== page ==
WASHINGTON • Mr James Comey came to the job as FBI director in 2013 with a reputation for fierce impartiality and a proven willingness to take on his superiors if he thought he was right.
The imposing 2m-tall former Republican is now under extraordinary pressure to explain himself after dropping a bombshell on Mrs Hillary Clinton's campaign 11 days before the presidential election.
Last Friday, Mr Comey revealed that he was reviving a previously completed investigation into Mrs Clinton's e-mail practices in a three-paragraph letter to congressional leaders that offered few specifics.
The sentence that sparked things off
WASHINGTON • This is the sentence, published last month by the Daily Mail, that led to Mrs Hillary Clinton's new FBI woes: "Anthony Weiner carried on a months-long online sexual relationship with a 15-year-old girl during which she claims he asked her to dress up in 'school-girl' outfits for him on a video messaging application and pressed her to engage in 'rape fantasies'."
By the time of that report, Mr Weiner's sexting relapse had been exposed weeks earlier by the New York Post, which published messages that the former New York congressman exchanged with a "40-something divorcee".
The New York Post story prompted Mr Weiner's wife, top Clinton aide Huma Abedin, to announce she was leaving her husband, but it did not suggest criminal behaviour.
The Daily Mail's follow-up story, however, alleged that Mr Weiner had traded sexually explicit messages with an underage girl and caught the FBI's attention.
In the process of investigating Mr Weiner, the FBI examined a computer shared by Mr Weiner and Ms Abedin and happened upon e-mails deemed relevant to the agency's earlier probe of the way Mrs Clinton and aides handled classified information.
Mr Comey reportedly informed lawmakers of the FBI's revived inquiry over the objections of Attorney-General Loretta Lynch.
He also acted despite a Justice Department policy against doing anything significant in a major investigation so close to an election if doing so could affect the results.
The actions, which have exposed him to criticism, put the focus on the University of Chicago-trained lawyer, who served as acting attorney-general in 2004 at a critical juncture in President George W. Bush's administration.
Mr Bush's White House advisers were trying to persuade the ailing Attorney-General John Ashcroft to reauthorise a warrantless surveillance programme.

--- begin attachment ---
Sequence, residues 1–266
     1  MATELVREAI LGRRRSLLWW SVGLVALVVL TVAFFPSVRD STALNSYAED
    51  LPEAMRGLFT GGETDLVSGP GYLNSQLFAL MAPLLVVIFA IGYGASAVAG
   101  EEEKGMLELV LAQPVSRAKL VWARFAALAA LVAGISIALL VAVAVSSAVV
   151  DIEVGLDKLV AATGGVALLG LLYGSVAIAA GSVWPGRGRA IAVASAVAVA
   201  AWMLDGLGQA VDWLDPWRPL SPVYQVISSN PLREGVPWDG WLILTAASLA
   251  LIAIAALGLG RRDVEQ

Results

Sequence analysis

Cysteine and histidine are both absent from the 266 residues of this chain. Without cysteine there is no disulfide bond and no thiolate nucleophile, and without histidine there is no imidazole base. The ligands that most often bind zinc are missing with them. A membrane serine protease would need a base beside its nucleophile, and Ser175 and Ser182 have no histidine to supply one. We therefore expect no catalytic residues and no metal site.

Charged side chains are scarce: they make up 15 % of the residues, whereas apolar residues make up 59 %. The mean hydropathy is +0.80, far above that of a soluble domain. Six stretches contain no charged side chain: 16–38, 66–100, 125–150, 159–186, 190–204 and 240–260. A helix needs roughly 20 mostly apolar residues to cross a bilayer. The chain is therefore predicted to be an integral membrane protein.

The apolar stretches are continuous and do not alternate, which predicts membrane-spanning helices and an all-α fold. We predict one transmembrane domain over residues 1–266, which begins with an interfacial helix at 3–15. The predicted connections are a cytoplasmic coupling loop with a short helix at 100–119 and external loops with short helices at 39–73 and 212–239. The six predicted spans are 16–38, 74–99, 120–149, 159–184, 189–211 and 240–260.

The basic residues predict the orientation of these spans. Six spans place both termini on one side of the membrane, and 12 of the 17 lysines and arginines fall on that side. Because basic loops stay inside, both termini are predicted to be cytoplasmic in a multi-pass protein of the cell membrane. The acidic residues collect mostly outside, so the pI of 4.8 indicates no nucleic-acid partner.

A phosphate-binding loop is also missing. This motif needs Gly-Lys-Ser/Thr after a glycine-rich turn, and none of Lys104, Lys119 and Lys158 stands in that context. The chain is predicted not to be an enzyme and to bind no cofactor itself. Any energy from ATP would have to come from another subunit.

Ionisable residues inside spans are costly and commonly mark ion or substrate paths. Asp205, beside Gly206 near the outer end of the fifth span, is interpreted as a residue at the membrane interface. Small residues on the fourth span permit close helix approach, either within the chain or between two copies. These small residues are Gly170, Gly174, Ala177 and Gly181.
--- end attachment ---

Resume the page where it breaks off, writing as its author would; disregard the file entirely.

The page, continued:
Mr Comey went to Mr Ashcroft's hospital room to intercept the White House aides seeking the Attorney-General's approval.
Mr Ashcroft said he had concerns about the legality of the plan and deferred the decision to Mr Comey, who refused the request.
Mr Comey and other top Justice Department officials threatened to resign if the programme was reauthorised without their signature, and it was revised.
He was appointed by President Barack Obama as director of the Federal Bureau of Investigation with a 10-year term in office.
Now, some of Mr Comey's actions as FBI chief have left him increasingly isolated and even his supporters puzzled.
Early this year, he brought a court case seeking to compel Apple to hack into an iPhone used by a dead terrorist, saying that was law enforcement's only option in the case. The bureau later managed to buy a tool to help it get access to the phone, and the case was dropped.
In July, when the FBI investigation of Mrs Clinton was winding down, Mr Comey held an unusual press conference where he said the former secretary of state and her aides had been "extremely careless" in handling classified information, but added that "our judgment is that no reasonable prosecutor would bring such a case".
That comment went beyond what many observers expected because a final decision on whether to pursue a case is normally left to the Attorney-General.
Mr Benjamin Wittes, a senior fellow at the Brookings Institution, said: "If you're inclined to be angry with Comey over this, imagine that he had not said something and it emerged after the election that, having testified that the investigation was complete, he authorised additional investigation of a new trove of e-mails."
Ultimately, the uproar over the FBI's handling of Mrs Clinton's e-mails could affect Mr Comey's future at the agency.
FBI directors typically serve a 10-year term intended to shelter them from the changing of the guard from one presidency to the next.
But Mr Wittes said in an interview that an FBI director can be removed if a president decides to fire him or, less likely, Congress acts to impeach him.
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